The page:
Synthesis of new compounds serves important practical purposes. The pharmaceutical industry continuously seeks and develops new compounds as potential drugs for treating disease. The agricultural industry also relies on synthesis to produce new organic chemicals for weed, pest, and fungi control. Alkyl halides are especially useful starting materials in the synthesis of new substances. They can be prepared from alcohols by reaction with hydrogen halides. Such a reaction is called a substitution, where a halogen replaces a hydroxyl group as a carbon substituent
[...] The E1 elimination mechanism competes with SN1 at higher temperatures because it is more favored by entropy since substitution of a chloride ion for a hydroxyl group creates order and is less thermodynamically favorable. The elimination product, 2-methyl butene, would have wasted starting materials. The highest product yield was achieved under the third set of experimental conditions. This yield is significantly higher than 19% of the first reaction which had only 1.0 equivalent of HCl, but only slightly higher than 41% of the second reaction, which used 3.0 equivalents of HCl. [...]
[...] The percent yield of 1 was 48%. Finally, the fourth set of conditions also used 3.0 equivalents of HCl and in addition, the reaction was refluxed for 10 minutes. The resulting percent yield decreased to but was still significantly higher than the product yield from the first set of conditions due to the increase in number of equivalents of HCl. However, the percent yield of 37% from refluxing the reaction is lower than that from the second set of conditions, which had the same experimental conditions but no refluxing. [...]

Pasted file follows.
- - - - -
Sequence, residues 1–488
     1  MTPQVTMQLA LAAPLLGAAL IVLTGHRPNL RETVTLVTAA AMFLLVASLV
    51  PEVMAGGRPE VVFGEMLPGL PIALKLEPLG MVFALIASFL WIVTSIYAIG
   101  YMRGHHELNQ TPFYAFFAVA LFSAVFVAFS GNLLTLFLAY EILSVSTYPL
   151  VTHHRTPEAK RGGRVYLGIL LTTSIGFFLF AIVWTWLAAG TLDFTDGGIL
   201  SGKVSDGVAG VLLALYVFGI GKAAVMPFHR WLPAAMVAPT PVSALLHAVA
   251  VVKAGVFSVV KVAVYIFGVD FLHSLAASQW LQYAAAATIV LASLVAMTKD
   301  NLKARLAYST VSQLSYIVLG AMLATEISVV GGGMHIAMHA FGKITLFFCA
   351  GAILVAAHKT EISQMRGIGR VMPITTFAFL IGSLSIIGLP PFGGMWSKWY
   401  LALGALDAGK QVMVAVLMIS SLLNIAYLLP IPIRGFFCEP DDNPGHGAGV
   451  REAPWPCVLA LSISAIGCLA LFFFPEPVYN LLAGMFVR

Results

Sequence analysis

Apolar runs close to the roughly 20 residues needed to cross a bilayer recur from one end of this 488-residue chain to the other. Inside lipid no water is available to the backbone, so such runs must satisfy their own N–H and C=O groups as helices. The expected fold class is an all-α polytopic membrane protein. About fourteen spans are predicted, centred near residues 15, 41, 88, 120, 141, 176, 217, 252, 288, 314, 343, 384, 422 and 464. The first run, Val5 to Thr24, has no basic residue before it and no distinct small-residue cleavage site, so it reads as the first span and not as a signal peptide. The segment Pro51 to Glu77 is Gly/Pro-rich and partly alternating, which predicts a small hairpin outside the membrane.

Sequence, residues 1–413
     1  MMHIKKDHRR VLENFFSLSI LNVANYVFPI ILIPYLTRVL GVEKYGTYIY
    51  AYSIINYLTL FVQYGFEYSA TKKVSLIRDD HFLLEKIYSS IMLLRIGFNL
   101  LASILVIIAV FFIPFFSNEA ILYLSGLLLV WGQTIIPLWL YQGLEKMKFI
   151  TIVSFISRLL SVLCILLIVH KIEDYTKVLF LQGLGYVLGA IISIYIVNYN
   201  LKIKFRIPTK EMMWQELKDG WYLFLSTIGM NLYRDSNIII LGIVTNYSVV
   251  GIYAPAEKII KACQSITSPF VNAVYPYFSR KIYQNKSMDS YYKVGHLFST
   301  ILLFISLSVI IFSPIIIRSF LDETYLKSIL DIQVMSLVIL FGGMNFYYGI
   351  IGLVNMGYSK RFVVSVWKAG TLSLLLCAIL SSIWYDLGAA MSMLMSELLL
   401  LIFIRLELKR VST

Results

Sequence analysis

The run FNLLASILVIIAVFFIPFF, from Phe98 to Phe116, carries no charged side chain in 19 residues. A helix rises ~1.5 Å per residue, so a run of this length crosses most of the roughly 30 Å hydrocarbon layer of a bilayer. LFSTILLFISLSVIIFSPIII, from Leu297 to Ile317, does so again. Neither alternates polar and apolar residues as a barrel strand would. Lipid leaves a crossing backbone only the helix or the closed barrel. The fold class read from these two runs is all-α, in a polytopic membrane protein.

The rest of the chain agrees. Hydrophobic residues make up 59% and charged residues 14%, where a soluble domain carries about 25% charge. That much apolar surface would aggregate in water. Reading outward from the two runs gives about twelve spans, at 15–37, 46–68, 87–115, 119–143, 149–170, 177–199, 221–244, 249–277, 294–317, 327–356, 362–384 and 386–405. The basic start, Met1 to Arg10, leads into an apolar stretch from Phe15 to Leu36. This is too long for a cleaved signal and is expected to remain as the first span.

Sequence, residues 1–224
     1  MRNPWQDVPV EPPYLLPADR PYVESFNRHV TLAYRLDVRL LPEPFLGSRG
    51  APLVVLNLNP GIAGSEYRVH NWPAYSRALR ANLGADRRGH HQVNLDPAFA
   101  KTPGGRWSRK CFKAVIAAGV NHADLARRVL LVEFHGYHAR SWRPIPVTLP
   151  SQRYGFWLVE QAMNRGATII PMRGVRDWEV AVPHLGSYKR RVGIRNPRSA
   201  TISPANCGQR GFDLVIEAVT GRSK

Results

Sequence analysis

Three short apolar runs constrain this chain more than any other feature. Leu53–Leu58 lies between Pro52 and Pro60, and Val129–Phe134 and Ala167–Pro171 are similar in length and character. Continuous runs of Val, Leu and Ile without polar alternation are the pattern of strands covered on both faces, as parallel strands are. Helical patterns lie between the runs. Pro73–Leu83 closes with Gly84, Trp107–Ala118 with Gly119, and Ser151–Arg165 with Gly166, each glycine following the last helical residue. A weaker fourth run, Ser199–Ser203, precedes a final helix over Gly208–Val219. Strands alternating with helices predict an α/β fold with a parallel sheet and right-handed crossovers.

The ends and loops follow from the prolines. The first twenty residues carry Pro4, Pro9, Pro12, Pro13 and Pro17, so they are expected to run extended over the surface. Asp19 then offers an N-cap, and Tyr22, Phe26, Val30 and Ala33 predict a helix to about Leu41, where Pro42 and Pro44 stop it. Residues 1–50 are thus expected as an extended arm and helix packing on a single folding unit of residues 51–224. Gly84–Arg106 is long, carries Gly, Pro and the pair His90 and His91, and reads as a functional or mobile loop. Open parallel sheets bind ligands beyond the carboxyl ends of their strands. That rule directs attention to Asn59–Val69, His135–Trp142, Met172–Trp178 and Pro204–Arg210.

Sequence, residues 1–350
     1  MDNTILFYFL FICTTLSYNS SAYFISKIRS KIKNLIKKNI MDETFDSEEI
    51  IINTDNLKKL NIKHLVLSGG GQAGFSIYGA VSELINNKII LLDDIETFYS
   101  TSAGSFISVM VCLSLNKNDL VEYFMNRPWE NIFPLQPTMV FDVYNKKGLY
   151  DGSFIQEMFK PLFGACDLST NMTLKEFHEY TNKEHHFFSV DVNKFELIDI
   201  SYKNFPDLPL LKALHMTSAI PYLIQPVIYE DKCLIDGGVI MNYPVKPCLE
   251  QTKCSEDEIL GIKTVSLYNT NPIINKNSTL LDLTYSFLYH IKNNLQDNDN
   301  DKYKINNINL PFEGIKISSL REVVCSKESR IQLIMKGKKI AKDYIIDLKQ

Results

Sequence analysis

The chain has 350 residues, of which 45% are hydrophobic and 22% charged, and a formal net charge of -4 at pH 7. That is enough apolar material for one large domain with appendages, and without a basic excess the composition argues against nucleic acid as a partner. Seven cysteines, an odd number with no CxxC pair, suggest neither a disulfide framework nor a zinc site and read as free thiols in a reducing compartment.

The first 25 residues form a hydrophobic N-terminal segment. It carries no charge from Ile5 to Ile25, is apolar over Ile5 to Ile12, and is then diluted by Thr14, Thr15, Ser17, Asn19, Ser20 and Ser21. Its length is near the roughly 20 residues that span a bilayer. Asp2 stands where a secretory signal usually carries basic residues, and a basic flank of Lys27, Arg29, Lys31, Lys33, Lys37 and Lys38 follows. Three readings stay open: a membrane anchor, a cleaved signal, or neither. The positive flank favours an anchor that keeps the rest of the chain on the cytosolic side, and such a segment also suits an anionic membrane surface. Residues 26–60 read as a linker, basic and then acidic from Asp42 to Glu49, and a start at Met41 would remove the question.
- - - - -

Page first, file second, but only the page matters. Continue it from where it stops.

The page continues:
[...] With a 1:1 ratio of reactants in the first set of conditions, the reaction did not reach equilibrium. Since 2 is the limiting reagent, HCl must be in excess. Because it was not, some of the 2 went unreacted in solution and was discarded during the extraction. In the second reaction, the increase in the number of equivalents of HCl effectively increased product yield. In the SN1 mechanism, after the hydroxyl leaving group has departed, the resulting tertiary carbocation is susceptible to attack by the chloride anion. [...]
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